burger or sandwich topping
make soup or hummus with them
slice up to go with an antipasto platter for a party
slice up for a pizza topping
chop up to put into a salad
great as a crostini topping with a cheese and prosciutto

There are endless ways to use these peppers, and I'm sure you will love them. 

I still have many ideas for this series, but if you have an idea or a request please let me know and I will see if I can make it happen.  Anything that you currently buy that you want to see if you can make from scratch with healthier and cheaper results is what we are looking for.

So what recipe do you want me to do next?  Popsicles, ranch dressing, or your own spice blends?  Let me know in the comments!

Friday, May 2, 2014

On Being Grateful For Your Spouse

It may be awful to say, but I am so thankful for my husband every time I hear about something terrible a friend's spouse did/said/didn't do.  Is it bad that other people's hardships in marriage/partnership make me so very happy to have a normal and functional marriage?  Not that our marriage is without fault or that we don't have problems; we all do.  But I am talking about those issues your friends tell you about that you just. cannot. believe that one person would do or say to the person they love most in the world.  So and so lied about what they were doing, said this horrible thing, was chatting with other people on a dating site, really really screwed up the relationship with brother-in-law.  Whatever it may be, I just cannot imagine my husband EVER doing anything horrible to me or anyone else.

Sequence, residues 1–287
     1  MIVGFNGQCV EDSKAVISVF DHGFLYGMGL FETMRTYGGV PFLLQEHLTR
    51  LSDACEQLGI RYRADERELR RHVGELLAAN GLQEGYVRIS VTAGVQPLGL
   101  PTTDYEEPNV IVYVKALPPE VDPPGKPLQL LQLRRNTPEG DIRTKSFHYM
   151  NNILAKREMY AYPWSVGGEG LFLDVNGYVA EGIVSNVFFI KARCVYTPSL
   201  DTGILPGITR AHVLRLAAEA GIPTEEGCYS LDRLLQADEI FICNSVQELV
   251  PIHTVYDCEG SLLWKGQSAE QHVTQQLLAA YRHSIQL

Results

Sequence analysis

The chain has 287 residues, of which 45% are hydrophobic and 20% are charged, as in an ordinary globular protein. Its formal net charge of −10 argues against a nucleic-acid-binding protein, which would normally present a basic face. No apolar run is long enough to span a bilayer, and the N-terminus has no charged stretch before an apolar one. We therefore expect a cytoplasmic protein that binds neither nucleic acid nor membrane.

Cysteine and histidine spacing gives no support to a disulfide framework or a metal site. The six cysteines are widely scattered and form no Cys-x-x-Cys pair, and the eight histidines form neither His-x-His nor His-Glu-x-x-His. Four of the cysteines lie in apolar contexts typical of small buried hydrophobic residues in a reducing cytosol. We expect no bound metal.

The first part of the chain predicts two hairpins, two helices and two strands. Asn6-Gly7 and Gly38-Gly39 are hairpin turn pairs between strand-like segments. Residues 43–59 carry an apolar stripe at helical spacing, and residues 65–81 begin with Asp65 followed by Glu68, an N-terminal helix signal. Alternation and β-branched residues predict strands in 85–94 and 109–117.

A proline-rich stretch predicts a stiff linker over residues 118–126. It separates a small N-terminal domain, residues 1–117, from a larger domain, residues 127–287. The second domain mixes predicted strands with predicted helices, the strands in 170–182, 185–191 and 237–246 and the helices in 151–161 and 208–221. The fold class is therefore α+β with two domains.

I may not have this marriage thing totally figured out, but I do know how we make it work for us.  It is a work in progress, like all relationships are.  That is actually something that many young couples don't realize; you have to work on your marriage, EVERY day, if not every moment of every day.  Throughout the day, you have your sweetheart in your mind, and in all you do think about how what you choose to do will benefit them and help them.  That sounds harder than it is!  Aren't you thinking of them off and on anyway?

I believe that you will be much happier in your marriage/partnership if you realize your partner is the way they are whether you like it or not, and they will never change because you want/ask them to.  Instead, support them with their unique traits in mind.

If your spouse is forgetful, remind them gently about commitments periodically, or if they have a phone with a calender, ask them to schedule events and appointments they need to attend, or times you need them home for whatever reason.  If your spouse has a tendency to get angry quickly, think of ways you can either avoid that happening or healthy ways to cope with it yourself (go for a walk to give them time to cool off, take a bath/shower, go engage in some retail therapy, etc.).  I'm not saying it is your fault if someone gets angry, but you do get to choose how you react in any situation.